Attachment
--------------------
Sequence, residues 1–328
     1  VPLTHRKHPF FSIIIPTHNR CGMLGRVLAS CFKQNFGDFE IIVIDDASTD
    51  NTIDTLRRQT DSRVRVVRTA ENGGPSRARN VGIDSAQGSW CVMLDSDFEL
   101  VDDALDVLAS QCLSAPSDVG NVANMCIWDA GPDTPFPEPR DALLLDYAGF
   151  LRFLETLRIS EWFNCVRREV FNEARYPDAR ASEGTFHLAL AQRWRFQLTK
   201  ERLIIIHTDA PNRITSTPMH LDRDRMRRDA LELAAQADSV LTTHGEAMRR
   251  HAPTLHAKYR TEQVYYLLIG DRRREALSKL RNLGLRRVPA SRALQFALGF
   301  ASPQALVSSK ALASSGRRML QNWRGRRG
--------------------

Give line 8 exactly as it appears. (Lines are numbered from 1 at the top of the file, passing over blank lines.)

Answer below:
   301  ASPQALVSSK ALASSGRRML QNWRGRRG